Evernote and LinkedIn -- two of the most popular web tools for the modern businessperson on the go -- today announce a new partnership that enables any user to scan a business card with their smartphone and automatically pull all their contact info out into an cloud-stored note, no QR code required.
"Business cards are how great things start. Their exchange represents the moment that important partnerships, opportunities, and relationships begin," writes Evernote in the official press release.
Just snap a picture with Evernote for iPhone or iPad (coming soon to Android) and it magically populates a profile for you, with your new business contact's photo and as many details as it can find, either taken right off the card or else grabbed from LinkedIn's 300 million-strong database of professionals (I look forward to the first complaints from misidentified professionals who will forever be giving Evernote users the photo of a different John Smith when they hand over their business card). And no, you don't already have to be friends with them on LinkedIn for this dark magic to work.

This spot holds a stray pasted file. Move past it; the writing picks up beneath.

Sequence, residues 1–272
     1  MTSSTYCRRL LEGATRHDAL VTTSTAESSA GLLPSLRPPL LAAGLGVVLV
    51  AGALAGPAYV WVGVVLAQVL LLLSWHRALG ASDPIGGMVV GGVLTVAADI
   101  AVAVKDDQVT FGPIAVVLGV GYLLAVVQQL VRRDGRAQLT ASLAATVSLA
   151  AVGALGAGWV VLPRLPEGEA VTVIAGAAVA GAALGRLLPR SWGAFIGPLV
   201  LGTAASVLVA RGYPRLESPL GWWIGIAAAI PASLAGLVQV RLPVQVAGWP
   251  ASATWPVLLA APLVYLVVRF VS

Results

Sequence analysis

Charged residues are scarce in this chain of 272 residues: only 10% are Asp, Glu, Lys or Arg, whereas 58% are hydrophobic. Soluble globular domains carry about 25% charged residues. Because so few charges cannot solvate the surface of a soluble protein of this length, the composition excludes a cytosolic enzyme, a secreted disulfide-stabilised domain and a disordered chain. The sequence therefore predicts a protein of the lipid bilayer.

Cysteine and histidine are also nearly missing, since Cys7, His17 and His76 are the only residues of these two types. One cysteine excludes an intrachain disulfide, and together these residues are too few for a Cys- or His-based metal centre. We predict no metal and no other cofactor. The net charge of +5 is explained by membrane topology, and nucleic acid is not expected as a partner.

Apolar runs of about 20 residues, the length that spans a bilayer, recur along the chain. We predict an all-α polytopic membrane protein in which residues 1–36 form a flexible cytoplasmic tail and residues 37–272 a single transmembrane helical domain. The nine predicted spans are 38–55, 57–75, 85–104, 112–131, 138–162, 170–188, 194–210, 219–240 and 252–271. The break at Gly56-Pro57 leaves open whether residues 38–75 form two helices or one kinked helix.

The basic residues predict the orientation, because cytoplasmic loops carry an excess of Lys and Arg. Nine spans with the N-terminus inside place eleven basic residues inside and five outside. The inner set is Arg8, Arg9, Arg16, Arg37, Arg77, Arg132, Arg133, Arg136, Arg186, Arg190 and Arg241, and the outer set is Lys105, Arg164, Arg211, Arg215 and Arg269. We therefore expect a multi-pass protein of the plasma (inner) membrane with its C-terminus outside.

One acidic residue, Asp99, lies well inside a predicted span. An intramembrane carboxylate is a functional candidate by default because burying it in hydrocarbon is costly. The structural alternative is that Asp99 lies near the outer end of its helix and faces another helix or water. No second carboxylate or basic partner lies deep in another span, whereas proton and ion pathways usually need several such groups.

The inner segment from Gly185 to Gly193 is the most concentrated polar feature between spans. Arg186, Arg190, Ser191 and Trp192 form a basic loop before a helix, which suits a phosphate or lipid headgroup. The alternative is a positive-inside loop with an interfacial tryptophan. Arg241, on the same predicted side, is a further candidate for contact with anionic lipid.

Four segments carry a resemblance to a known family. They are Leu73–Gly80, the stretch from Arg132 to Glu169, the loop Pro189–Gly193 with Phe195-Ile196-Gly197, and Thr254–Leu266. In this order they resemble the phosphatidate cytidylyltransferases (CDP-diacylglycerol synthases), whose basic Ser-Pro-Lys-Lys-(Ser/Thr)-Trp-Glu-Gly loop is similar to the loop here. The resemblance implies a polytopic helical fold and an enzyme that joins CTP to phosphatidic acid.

From there, you can attach notes and other photos to that profile, keeping track of your relationship using that business card as the key visual metaphor. It's almost like CRM for people you meet at parties. It's totally searchable, Evernote promises, and entirely automated. At no point do any of their employees look at these business cards, which means that you'll finally have something in common with Evernote employees.
Sarcasm aside, that's actually a point of differentiation from LinkedIn's existing app CardMunch, which this Evernote partnership officially supersedes. CardMunch originally relied on cheap human labor from Mechanical Turk to import details, but Evernote's invested a lot in optical character recognition already as part of its quest to become the standard outboard brain storage of the cloud world. In short, they want to help you keep track not only of your business cards, but your business relationships.
Evernote is allowing CardMunch users to import their already-scanned cards over the next "several months" ahead of sunsetting it, though. And if you're an existing user of both Evernote and LinkedIn already (and you probably are), then you get a free year of business card scanning, which is normally a premium feature.
To get started, just take a picture of a business card with Evernote and a prompt to link accounts will pop up.